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Intertemporal solvency and breaks in the US deficit process: a maximum-likelihood cointegration approach

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  • Peter Liu
  • Evan Tanner

Abstract

Previous research has shown that the intertemporal solvency condition is equivalent to the cointegration of either (1) the interest-inclusive government spendings and tax revenue or (2) the interest-exclusive government spendings, tax revenue and government outstanding debt. This note examines the intertemporal solvency condition using a maximum likelihood cointegration test. Results show that the solvency condition for the US government is satisfied only if a break is included in the process.

Suggested Citation

  • Peter Liu & Evan Tanner, 1995. "Intertemporal solvency and breaks in the US deficit process: a maximum-likelihood cointegration approach," Applied Economics Letters, Taylor & Francis Journals, vol. 2(7), pages 231-235.
  • Handle: RePEc:taf:apeclt:v:2:y:1995:i:7:p:231-235
    DOI: 10.1080/135048595357339
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    Cited by:

    1. Onel, Gulcan & Utkulu, Utku, 2006. "Modeling the long-run sustainability of Turkish external debt with structural changes," Economic Modelling, Elsevier, vol. 23(4), pages 669-682, July.
    2. Burret Heiko T. & Köhler Ekkehard A. & Feld Lars P., 2013. "Sustainability of Public Debt in Germany – Historical Considerations and Time Series Evidence," Journal of Economics and Statistics (Jahrbuecher fuer Nationaloekonomie und Statistik), De Gruyter, vol. 233(3), pages 291-335, June.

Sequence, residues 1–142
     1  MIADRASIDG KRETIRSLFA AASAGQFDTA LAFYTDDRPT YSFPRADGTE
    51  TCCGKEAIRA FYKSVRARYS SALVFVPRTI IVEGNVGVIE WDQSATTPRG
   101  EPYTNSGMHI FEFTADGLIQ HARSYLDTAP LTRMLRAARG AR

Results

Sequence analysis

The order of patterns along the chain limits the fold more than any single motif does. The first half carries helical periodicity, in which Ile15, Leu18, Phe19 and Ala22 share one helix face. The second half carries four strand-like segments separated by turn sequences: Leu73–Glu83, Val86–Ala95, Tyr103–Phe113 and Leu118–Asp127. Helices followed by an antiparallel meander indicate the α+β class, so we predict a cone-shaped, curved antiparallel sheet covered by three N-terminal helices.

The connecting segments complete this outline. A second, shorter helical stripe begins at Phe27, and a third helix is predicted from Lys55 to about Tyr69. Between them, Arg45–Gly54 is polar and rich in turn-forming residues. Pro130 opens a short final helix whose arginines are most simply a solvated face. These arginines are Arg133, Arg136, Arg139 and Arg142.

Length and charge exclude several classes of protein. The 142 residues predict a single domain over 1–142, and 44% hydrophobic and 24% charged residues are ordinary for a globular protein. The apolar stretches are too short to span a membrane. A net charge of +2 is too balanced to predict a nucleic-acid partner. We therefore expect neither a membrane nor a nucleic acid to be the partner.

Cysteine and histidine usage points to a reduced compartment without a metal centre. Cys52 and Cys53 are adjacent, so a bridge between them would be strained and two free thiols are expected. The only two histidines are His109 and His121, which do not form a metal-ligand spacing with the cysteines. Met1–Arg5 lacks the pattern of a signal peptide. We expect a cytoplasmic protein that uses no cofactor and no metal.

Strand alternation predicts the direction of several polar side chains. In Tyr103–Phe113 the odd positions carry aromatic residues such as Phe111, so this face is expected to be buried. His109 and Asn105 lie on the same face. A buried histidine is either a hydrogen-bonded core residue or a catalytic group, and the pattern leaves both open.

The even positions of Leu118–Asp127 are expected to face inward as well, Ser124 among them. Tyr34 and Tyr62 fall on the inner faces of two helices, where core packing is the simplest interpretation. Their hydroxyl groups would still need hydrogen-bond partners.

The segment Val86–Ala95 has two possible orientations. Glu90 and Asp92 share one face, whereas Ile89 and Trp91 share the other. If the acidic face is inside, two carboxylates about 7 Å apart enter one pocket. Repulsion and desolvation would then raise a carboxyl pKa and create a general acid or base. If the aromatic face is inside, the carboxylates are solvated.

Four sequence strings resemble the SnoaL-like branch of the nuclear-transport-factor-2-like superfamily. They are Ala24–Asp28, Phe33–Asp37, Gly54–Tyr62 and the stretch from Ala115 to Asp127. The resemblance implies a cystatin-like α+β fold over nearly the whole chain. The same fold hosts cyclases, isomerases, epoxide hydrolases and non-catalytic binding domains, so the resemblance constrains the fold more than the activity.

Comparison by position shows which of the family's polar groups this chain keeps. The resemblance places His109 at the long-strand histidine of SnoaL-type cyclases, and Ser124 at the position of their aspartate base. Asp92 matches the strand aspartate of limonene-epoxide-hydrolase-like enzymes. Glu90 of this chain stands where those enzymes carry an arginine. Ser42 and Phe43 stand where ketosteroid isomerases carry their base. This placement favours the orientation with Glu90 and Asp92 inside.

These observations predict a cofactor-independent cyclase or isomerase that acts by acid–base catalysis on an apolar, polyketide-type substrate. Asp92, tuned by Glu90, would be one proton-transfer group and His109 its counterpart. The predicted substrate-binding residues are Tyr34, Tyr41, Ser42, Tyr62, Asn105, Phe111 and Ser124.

3. Jyh-lin, Wu & Fountas, Stilianos & Show-lin, Chen, 1996. "Testing for the sustainability of the current account deficit in two industrial countries," Economics Letters, Elsevier, vol. 52(2), pages 193-198, August.
    4. Evan Lau & Ahmad Zubaidi Baharumshah, 2005. "Assessing The Mean Reversion Behavior Of Fiscal Policy: The Case Of Asian Countries," Macroeconomics 0504002, EconWPA.
    5. António Afonso, 2005. "Fiscal Sustainability: The Unpleasant European Case," FinanzArchiv: Public Finance Analysis, Mohr Siebeck, Tübingen, vol. 61(1), pages 1-19, March.
    6. António Afonso, 2000. "Fiscal policy sustainability: some unpleasant European evidence," Working Papers Department of Economics 2000/12, ISEG - Lisbon School of Economics and Management, Department of Economics, Universidade de Lisboa.
    7. Trachanas, Emmanouil & Katrakilidis, Constantinos, 2013. "Fiscal deficits under financial pressure and insolvency: Evidence for Italy, Greece and Spain," Journal of Policy Modeling, Elsevier, vol. 35(5), pages 730-749.

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